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Measuring Tea

How much tea should I use when I make tea?

This question comes up often and is a difficult one to answer. The old adage of a teaspoon per cup and one for the teapot sounds good but is not at all a consistent measure. In fact we don't even use teaspoons in our offices. They are too small. Different types of tea have different densities resulting in varying weights for the same volume of tea. A leafy green tea is very different from black tea in terms of density. For example, a tablespoon of Jade Spring green tea weighs 1 gram and a tablespoon of Golden Needle black tea weighs 2.5 grams.

Most black tea can be easily measured by tablespoons, but green tea can be difficult to balance on the spoon as the leaves are light and large. At In Pursuit of Tea we like to use about 3 grams of tea per an 6 oz serving. All of our teas are quality, loose-leaf teas and although some people use less, this amount insures a rich flavor and full body. The leaves can then be re-steeped for the next cup. If you are brewing a pot of tea, simply increase the amount of tea based on the total number of 6 oz servings the pot makes. Most western teapots hold 15-20 fl. oz.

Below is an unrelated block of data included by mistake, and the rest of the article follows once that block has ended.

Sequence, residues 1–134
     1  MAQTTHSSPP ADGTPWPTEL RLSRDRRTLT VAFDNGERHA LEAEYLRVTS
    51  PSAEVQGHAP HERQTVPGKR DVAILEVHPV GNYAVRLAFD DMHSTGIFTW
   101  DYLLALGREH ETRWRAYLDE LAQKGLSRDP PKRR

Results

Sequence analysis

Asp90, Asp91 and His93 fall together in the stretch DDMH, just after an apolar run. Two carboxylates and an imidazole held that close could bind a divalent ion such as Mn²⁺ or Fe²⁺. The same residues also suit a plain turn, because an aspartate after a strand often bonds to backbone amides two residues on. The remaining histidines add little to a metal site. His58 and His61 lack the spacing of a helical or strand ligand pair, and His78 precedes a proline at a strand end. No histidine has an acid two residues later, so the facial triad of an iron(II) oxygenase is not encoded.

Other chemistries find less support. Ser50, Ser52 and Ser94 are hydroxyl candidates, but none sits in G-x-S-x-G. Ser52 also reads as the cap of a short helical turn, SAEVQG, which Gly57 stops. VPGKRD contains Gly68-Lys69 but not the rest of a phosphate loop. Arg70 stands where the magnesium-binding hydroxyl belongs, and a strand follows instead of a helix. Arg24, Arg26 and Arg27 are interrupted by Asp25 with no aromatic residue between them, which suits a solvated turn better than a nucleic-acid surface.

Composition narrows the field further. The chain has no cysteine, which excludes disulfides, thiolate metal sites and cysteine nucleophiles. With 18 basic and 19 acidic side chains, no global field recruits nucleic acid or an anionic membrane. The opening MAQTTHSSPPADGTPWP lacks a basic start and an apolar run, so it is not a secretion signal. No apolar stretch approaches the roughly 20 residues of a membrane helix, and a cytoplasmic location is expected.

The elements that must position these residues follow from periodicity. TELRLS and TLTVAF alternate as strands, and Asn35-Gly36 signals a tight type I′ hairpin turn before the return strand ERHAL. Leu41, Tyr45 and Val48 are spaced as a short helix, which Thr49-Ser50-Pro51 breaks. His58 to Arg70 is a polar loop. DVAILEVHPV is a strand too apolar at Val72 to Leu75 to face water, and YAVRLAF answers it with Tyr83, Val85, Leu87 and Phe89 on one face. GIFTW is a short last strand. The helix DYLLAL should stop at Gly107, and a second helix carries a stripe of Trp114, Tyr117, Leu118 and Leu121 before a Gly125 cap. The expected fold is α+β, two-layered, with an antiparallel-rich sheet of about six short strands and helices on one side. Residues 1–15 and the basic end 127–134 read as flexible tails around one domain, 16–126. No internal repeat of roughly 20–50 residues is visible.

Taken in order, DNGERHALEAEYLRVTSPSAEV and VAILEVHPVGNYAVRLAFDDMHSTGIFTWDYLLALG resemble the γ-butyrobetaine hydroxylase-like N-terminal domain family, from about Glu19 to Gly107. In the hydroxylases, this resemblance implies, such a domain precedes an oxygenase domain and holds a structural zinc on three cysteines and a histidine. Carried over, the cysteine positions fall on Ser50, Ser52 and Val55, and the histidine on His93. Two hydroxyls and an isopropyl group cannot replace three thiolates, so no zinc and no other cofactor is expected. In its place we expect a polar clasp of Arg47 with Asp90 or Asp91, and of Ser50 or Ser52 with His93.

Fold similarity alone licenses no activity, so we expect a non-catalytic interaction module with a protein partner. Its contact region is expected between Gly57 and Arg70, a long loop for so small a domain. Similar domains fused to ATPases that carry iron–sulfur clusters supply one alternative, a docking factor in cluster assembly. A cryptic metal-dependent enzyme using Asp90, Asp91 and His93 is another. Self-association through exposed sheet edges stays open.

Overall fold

A teabag contains about 2 grams of tea (often less) and diffuses quickly into the water since it is made up of tiny particles classified as "fannings" and "dust' in the industry. Loose-leaf tea infuses at a slower rate because the leaves open and release their flavor into the water. This is why teabags often brew bitter tea; loose teas can more easily be controlled.

Here is a rough guide to compare 3 grams to a common tablespoon for some of our teas:

White Peony Bai Mudan  - heaping Tablespoon, as much as will fit on the spoon!
Jade Spring Green Tea  - two rounded Tablespoons
Tieguanyin Oolong - rounded teaspoon, the tightly rolled leaves sit well on the spoon
Honey Phoenix Oolong - heaping tablespoon
Darjeeling Black Tea - rounded teaspoon
Ceylon Orange Pekoe Black Tea - one rounded teaspoon

After you've tried using these measures, you can now experiment with steeping time. Some teas, such as Darjeelings, become very astringent if left too long. The key here is to remove the leaves when the tea tastes good to you. Experiment with longer and shorter steeping times, and remember to judge the tea on its taste -- not the color of the infused liquid. Some green and white teas will appear almost like water when the taste is the sweetest. Once you play around with the variables you will feel more comfortable with making the tea the way you like it.


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